Sukkot and Simchat Torah Books
The Mystery of the Missing Pitom
By Beverly Mach Geller
After Yosef, his brothers, and his father built their sukkah, they went to buy a lulav and etrog. Yosef is fascinated by its fragrance and can't wait until the holiday arrives to smell it again. But his father placed the lulav and etrog on the top shelf of the cabinet. This is the start of Yosef's problems.
Before Sukkot begins, six-year-old Yosef accidentally breaks the etrog and fears that he has spoiled his family's holiday. Includes an explanation of the holiday and a glossary of Hebrew words.
The High Holidays
By Camille Kress
Introduce your child to the symbols and themes of the High Holidays and Jewish autumn festivals. A Brand New Year is hte fifth in the series of Jewish holiday board books by Camille Kress. Using her renowned watercolor illustrations and engaging poetry, Rosh HaShanah, Yom Kippur, Sukkot, and Simchat Torah are all introduced to the young child.
Building Jewish Life:
Sukkot and Simhat Torah
|Readers learn about Sukkot, "The Feast of Tabernacles" and Simhat Torah, the holiday that celebrates the beginning of a new year of Torah reading.
When Zaydeh Danced on Eldridge Street
By Elsa Okon Rael
This radiant story about the power of the Torah is illustrated by Marjorie Priceman, a Caldecott Honor-winning artist. The atmospheric art brings this celebration of Jewish immigrant life in the 1930s America to exuberant life. With a thorough glossary, a generous author's note, and two delightful recipes, the book is complete in all its exquisite detail.
Zeesie has a problem--she doesn't want to visit her grandparents on Eldridge Street. Her teeny-tiny grandmother, Bubbeh Ruchel, is nothing to worry about, but Zaydeh Avrum is another story. Zaydeh ("grandfather" in Yiddish) is stern and stooped-over, and complains that "children bring in dirt and make noise." But since her mother is having a baby, Zeesie has no choice but to make the trip. When she arrives, Zaydeh impatiently quizzes Zeesie about what holiday it is and why it is important to the Jewish religion. Zeesie becomes more intimidated than ever when she learns it's Simchas Torah, and that Zaydeh expects her to attend a celebration at the synagogue with him.
Although Zeesie arrives at the festivities reluctantly, she ends up having the time of her life amidst the beautiful stained glass, sweet foods, laughter, singing and ... dancing. And what's this? Even severe, stiff Zaydeh is dancing! During her stay on Eldridge Street, Zeesie learns about the history and traditions of Judaism, and she also sees that there's more to white-haired Zaydeh than she thought.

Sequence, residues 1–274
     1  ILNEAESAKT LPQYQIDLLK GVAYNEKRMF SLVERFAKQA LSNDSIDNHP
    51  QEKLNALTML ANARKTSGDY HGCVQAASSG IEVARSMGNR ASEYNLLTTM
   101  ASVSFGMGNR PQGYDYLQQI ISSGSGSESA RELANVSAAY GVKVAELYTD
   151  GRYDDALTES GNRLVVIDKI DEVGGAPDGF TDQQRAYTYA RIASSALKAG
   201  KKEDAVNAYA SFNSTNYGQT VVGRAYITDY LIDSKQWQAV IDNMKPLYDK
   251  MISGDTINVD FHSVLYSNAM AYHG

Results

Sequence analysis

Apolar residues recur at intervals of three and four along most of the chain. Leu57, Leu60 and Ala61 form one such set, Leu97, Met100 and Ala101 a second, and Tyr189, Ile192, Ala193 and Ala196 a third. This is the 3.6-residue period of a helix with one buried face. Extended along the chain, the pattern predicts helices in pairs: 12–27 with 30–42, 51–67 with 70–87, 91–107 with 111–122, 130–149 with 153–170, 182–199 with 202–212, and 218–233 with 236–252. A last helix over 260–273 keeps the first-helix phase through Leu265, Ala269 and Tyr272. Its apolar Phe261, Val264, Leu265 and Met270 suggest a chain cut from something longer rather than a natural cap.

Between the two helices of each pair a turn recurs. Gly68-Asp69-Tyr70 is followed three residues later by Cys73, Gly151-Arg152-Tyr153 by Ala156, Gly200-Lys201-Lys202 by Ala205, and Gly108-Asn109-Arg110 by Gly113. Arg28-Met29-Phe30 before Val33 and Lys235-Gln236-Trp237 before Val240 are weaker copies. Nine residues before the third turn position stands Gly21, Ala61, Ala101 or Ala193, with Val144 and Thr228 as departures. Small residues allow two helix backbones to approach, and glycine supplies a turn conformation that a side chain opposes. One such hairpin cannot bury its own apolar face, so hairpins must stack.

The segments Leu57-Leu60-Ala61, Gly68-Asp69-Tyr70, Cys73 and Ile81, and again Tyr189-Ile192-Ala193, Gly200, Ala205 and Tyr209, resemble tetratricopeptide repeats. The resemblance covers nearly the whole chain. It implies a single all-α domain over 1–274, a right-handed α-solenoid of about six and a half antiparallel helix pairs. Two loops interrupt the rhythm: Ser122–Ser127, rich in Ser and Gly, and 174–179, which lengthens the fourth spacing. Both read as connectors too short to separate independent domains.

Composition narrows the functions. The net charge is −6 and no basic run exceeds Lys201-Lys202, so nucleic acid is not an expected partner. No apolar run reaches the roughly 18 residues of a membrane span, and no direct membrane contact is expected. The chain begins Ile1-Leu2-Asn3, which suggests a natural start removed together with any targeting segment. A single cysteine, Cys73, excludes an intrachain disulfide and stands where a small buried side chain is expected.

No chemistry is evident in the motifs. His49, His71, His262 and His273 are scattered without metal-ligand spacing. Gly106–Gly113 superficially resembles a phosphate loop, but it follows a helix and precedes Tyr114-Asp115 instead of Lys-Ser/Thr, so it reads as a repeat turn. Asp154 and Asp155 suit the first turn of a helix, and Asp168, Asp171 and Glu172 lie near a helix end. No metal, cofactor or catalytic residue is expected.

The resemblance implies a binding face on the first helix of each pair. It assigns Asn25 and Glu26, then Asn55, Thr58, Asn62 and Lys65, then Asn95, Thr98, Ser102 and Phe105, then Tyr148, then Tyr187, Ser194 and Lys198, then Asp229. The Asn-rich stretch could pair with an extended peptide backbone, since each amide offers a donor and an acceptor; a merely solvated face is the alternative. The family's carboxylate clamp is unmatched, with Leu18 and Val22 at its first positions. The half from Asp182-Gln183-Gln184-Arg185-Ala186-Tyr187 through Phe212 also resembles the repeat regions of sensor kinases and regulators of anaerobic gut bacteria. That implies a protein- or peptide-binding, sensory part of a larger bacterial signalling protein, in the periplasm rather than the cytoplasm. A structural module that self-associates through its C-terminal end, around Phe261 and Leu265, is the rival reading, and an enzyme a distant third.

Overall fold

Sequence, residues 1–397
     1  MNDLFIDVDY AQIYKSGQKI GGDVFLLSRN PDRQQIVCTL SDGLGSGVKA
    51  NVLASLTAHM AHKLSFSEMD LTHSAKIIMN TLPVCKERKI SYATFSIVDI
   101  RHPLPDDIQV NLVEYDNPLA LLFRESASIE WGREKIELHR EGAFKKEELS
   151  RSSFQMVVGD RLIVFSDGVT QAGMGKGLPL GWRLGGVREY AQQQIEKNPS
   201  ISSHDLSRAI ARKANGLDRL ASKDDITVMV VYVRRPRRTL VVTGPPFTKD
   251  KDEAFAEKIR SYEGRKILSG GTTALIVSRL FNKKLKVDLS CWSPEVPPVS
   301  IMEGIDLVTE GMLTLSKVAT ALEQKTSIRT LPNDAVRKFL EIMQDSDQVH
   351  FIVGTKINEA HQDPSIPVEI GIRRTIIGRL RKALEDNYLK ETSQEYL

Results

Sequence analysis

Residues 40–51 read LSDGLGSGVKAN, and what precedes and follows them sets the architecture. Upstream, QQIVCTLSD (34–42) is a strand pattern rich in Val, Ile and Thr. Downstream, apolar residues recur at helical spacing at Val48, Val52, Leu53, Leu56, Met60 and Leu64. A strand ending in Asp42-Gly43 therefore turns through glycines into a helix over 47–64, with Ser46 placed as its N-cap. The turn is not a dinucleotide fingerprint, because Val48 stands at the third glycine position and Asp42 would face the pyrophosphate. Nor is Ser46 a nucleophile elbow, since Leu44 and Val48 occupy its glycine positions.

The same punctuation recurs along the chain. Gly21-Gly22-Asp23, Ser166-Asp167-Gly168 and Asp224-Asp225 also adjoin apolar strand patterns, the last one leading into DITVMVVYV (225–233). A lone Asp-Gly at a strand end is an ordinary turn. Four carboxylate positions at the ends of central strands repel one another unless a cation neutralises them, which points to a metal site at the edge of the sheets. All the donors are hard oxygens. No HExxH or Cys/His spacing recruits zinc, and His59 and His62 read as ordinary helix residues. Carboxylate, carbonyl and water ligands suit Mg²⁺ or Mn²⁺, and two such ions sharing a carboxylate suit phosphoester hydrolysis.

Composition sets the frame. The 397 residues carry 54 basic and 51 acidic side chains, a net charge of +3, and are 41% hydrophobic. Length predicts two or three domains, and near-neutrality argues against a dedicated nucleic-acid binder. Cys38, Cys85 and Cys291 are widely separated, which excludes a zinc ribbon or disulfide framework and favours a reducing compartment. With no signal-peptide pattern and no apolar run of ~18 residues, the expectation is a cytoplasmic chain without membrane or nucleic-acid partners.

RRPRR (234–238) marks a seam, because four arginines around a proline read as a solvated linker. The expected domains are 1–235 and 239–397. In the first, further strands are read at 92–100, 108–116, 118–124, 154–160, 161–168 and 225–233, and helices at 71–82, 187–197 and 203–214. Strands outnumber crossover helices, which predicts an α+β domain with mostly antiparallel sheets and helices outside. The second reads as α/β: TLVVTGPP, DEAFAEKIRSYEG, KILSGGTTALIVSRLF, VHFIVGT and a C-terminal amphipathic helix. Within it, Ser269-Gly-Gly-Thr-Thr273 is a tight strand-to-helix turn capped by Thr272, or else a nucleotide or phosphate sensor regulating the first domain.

In this celebratory immigrant family tale set in the Lower East Side of Manhattan during the 1930s, eight-year-old Zeesie has gone to stay with her grandparents while her mother has a baby. Zeesie loves her "teeny-tiny" Bubbeh, but is uncomfortable around her brusque grandfather Zaydeh. But in temple with Zaydeh on Simchas Torah, the holiday that celebrates the completion of the yearly Torah-reading cycle, Zeesie wins her Zaydeh's approval by asking the all-important question of the Jewish faith: "What is Torah?" When the dancing begins, the elated Zaydeh leads the congregation outdoors with his now-adoring granddaughter behind him. The reverential text concludes with a recalling of all the day's wonders-including the birth of Zeesie's new baby brother-climaxed by the scroll, "The most precious treasure of all the wonder of wonders." Priceman's jubilant illustrations lighten grandfather's severity and accent the rejoicing of the holiday. The final page shows the night skyline of Eldridge Street highlighted by the Chagallesque stained glass window of the synagogue. The vibrant blues, golds, and purples of the temple's circular windows receive competition from the joyous silhouettes of Zeesie and Zaydeh embracing the Torah, dancing like fiddlers on the roof against a huge luminescent background moon. An appended author's note and glossary more fully reveal Rael's love for this particular environment and its uniqueness as a cultural center for Jews during the 1930s.
Tales from the Gemara :
Rosh Hashanah / Yom Kippur / Succah (Vol 3)
|Stories from the Talmud, dramatized for children.
Best Of Olomeinu: Succos and Other Stories
|Selected stories from Olomeinu, the children's magazine.
Our First Sukkah
By Norma Simon